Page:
In differential geometry
, Mikhail Gromov
's filling area conjecture asserts that the hemisphere
has minimum area among the orientable
surfaces that fill a closed curve of given length without introducing shortcuts between its points.
Definitions and statement of the conjecture
Every smooth surface or curve in Euclidean space
is a metric space
, in which the (intrinsic) distance
between two points of is defined as the infimum of the lengths of the curves that go from to ''along'' . For example, on a closed curve
of length , for each point of the curve there is a unique other point of the curve (called the antipodal of ) at distance from .
surface fills a closed curve if its border (also called boundary
, denoted ) is the curve . The filling is said isometric if for any two points of the boundary curve , the distance between them along is the same (not less) than the distance along the boundary. In other words, to fill a curve isometrically is to fill it without introducing shortcuts.
Question: ''How small can be the area of a surface that isometrically fills its boundary curve, of given length?''
For example, in three-dimensional Euclidean space, the circle
(of length 2) is filled by the flat disk
which is not an isometric filling, because any straight chord along it is a shortcut. In contrast, the hemisphere
is an isometric filling of the same circle , which has twice the area of the flat disk
. Is this the minimum possible area?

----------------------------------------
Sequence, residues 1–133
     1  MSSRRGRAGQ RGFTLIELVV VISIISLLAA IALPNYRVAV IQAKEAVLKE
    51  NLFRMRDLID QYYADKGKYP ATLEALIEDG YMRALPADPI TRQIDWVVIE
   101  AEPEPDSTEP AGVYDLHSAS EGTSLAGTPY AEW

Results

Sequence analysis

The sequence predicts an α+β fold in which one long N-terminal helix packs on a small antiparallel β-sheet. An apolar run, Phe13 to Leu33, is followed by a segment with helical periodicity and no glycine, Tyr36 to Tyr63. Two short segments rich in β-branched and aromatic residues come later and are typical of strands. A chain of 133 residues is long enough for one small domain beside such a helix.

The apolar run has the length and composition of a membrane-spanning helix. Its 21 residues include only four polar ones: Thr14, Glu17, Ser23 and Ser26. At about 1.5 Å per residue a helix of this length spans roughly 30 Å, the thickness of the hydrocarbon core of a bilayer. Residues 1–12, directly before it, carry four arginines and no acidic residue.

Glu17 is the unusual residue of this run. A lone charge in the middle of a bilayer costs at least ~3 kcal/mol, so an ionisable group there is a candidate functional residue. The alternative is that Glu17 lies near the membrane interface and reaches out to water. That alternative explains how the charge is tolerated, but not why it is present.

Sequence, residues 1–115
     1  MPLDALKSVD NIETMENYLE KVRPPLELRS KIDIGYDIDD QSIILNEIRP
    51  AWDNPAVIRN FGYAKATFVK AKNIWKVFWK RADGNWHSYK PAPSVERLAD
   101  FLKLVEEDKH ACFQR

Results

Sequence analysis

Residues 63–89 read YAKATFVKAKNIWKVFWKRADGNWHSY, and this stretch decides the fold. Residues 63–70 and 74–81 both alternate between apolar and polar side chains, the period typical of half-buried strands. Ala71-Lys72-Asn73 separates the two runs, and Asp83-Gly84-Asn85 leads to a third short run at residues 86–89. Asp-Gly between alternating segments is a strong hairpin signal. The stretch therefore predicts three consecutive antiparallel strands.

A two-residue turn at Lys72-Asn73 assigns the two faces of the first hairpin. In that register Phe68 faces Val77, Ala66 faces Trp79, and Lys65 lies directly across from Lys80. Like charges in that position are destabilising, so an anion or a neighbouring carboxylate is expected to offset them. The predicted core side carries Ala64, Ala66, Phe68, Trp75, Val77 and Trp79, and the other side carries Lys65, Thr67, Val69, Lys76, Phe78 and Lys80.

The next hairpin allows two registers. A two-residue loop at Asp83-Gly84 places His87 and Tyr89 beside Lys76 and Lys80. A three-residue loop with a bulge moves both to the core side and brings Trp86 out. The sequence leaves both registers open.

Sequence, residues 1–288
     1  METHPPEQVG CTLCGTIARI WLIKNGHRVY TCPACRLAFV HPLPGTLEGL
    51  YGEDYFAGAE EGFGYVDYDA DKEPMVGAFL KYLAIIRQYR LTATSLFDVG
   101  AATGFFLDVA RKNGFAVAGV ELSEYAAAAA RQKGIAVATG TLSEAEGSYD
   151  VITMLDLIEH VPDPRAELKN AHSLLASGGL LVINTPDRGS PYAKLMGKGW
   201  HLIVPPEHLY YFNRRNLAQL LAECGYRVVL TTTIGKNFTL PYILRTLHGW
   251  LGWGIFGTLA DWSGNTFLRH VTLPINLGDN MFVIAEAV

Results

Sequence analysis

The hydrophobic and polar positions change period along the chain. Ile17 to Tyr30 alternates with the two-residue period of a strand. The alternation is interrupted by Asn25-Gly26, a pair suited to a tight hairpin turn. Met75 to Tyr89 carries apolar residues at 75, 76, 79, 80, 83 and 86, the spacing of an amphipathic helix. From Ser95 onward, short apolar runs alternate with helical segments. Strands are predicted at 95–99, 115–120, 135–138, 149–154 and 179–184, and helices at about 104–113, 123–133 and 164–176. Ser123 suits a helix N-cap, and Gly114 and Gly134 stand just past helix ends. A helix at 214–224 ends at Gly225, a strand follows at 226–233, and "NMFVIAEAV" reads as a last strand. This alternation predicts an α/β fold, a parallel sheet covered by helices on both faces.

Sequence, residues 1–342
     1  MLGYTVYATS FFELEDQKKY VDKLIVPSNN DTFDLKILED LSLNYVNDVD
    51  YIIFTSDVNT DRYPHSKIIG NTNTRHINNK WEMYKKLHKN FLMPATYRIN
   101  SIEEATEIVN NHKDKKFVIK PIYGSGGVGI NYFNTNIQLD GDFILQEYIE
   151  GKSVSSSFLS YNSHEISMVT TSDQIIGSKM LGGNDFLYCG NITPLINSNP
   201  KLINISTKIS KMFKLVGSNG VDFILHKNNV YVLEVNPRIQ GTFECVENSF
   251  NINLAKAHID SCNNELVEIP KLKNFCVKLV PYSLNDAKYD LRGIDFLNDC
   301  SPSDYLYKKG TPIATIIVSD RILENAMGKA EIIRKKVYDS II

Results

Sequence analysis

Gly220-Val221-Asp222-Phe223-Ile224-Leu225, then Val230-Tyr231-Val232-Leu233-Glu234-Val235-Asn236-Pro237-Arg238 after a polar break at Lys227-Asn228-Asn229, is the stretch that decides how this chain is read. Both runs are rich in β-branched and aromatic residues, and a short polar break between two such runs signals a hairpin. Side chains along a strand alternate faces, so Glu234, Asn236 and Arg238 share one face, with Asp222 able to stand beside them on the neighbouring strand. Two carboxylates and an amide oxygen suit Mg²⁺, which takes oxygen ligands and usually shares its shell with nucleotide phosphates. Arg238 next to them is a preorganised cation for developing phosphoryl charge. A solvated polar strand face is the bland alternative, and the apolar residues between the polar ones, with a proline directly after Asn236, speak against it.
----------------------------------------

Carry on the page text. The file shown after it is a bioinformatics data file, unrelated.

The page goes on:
The surface can be imagined as made of a flexible but non-stretchable material, that allows it to be moved around and bended in Euclidean space. None of these transformations modifies the area of the surface nor the length of the curves drawn on it, which are the magnitudes relevant to the problem. The surface can be removed from Euclidean space altogether, obtaining a Riemannian surface
, which is an abstract smooth surface
with a Riemannian metric
that encodes the lengths and area. Reciprocally, according to the Nash-Kuiper theorem
, any Riemannian surface with boundary can be embedded in Euclidean space preserving the lengths and area specified by the Riemannian metric. Thus the filling problem can be stated equivalently as a question about Riemannian surfaces
, that are not placed in Euclidean space in any particular way.
:Conjecture (Gromov's filling area conjecture, 1983): ''The hemisphere has minimum area among the orientable
compact Riemannian surfaces that fill isometrically their boundary curve, of given length.''
Gromov's proof for the case of Riemannian disks
In the same paper where Gromov stated the conjecture, he proved that
:''the hemisphere has least area among the Riemannian surfaces that isometrically fill a circle of given length, and are homeomorphic
to a disk